The Shape of Silence

4' di lettura 13/09/2019 - “I believe in life. I believe in love. And I believe in cinema. Have faith in whatever you have faith in.” Guillermo del Toro

Justin Jackerson is 32 years old. He is originally from The Bay Area, California. He currently lives in Los Angeles and is working full time at Pasadena City College, teaching ASL. He also acts and interprets on the side as a CDI (Certified Deaf Interpreter). Justin worked with recent Oscar-winning movie actress Sally Hawkins, teaching her ASL for the movie The Shape of Water.

1) What does it mean to you to be Deaf?
Deaf is a part of my identity ever since I was born to a three-generation Deaf family. Being Deaf is being a part of a rich culture and linguistic minority group, which I am deeply grateful for.

2) How did you become an American Sign Language Interpreter?
Growing up, I met with so many different Deaf people within our community and, being well educated, I was able to explain things in ways I knew that Deaf people, with different educational backgrounds or life experiences than me, would understand. That skill in me stayed with me for a long time, until I decided to get formal training and professionally certified as an interpreter.

3) Are there interpreters at Gallaudet University?
Yes, both hearing and Deaf interpreters.

4) What is the meaning of “certified interpreter”?
It means that the interpreter has gone through training, earned hours of experience, and/or passed national level certification exams to get certified. In the USA, it is RID (Registry of Interpreters for the Deaf) that gives out national certifications.

5) Do you mostly work as a self-employed professional or also as an employee?
I am self-employed as an interpreter working with different interpreting agencies and courthouses.

6) Has the American Sign Language been officially recognized in all of the States?
Not all or even by the Nation.

7) Is the American Sign Language based on the sentence structure of the English language?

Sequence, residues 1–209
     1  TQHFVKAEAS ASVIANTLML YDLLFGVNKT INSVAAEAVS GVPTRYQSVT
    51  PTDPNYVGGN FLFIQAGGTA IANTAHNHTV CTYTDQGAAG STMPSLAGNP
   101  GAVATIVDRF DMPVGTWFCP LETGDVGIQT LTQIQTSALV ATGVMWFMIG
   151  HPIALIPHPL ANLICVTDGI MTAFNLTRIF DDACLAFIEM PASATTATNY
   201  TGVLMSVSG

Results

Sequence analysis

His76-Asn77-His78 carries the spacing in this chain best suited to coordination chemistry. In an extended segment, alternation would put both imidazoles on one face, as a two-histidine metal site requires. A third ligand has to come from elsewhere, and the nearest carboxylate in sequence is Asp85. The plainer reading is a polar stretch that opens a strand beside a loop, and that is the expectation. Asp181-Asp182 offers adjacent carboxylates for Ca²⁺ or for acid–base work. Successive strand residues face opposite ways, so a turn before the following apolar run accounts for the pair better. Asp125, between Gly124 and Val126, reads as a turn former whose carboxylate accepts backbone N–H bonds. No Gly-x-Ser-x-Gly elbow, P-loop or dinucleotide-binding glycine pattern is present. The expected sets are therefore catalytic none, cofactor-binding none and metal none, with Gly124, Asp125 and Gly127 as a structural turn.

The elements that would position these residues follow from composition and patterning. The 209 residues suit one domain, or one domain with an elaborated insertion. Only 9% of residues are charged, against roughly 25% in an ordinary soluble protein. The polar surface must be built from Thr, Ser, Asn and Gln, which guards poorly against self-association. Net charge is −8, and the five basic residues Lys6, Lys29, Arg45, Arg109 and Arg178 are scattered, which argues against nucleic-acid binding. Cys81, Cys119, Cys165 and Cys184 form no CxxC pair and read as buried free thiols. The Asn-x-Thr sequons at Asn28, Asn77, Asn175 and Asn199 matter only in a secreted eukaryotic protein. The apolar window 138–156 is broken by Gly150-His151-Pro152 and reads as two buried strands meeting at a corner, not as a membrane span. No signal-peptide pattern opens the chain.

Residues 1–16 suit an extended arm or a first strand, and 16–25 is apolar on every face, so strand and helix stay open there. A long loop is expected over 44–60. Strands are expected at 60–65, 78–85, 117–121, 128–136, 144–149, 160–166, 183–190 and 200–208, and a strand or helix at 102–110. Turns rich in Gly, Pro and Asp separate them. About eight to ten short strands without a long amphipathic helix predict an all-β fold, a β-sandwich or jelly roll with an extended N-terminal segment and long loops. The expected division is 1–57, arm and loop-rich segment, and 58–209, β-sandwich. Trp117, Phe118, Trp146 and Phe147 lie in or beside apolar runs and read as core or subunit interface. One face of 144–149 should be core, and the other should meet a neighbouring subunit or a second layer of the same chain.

Not at all. ASL has its own sentence structure that is completely different from English.

8) Which organizations in the US offer interpreting services to the Deaf as a public service? (hospitals, cities, towns, universities, TV)
Hospitals pay for the interpreting services and they hire from different agencies. Cities often have their own inhouse interpreters or do contracts with agencies. Universities pay for the interpreters too, and some have their own fulltime interpreters and some hire from independent agencies. TV doesn’t usually have interpreters but it is the Federal Communications Commission that is responsible for anything related to access like captions, interpreters, and more.

9) Is it possible for interpreters to work within schools? If so, in what capacity?
A lot of interpreters work at schools. They work for Deaf students in hearing classrooms.

10) Is it possible for hearing interpreters to teach American Sign Language?
There are hearing interpreters who teach ASL but it is often frowned upon because in the end, it is Deaf people’s language and only for them to teach.

11) Does this sole occupation earn you a living?
No, there aren’t enough job opportunities to support myself as a CDI like there are for hearing interpreters unfortunately.

12) Have you ever had the opportunity to work with hearing interpreters?
I work with them most of the time as a CDI.

13) What do you think are the advantages of having a Deaf interpreter?
There are many advantages with a Deaf interpreter. Deaf interpreters take the message from hearing interpreters and re-deliver it with a Deaf cultural lens and this can ease the situation for Deaf people especially when it is a high stake case like a hearing or trial in courtroom. Also, it is common for an interpreted event to be fast paced and it is difficult to make hearing interpreters slow down if there is only one of them. When a hearing interpreter is flanked by a Deaf interpreter, a Deaf person has more control over the flow of communication. Furthermore, using a Deaf interpreter means fewer errors on message delivery and more accurate information.

14) Do you think interpreting has something in common with acting?
Sure, both interpreting and acting have got audiences, require one to be fully present physically and express through body language.

15) What could your motto be?
Just do it.

di Michele Peretti

Questo è un articolo pubblicato il 13-09-2019 alle 08:48 sul giornale del 14 settembre 2019 - 1946 letture

In questo articolo si parla di cultura, cinema, insegnante, sordità, attore, diversità, california, interprete, premio oscar, leone d'oro, articolo, Michele Peretti, Gallaudet, Lingua dei Segni Americana, Pasadena, College, Guillermo del Toro, Sally Hawkins, La forma dell'acqua

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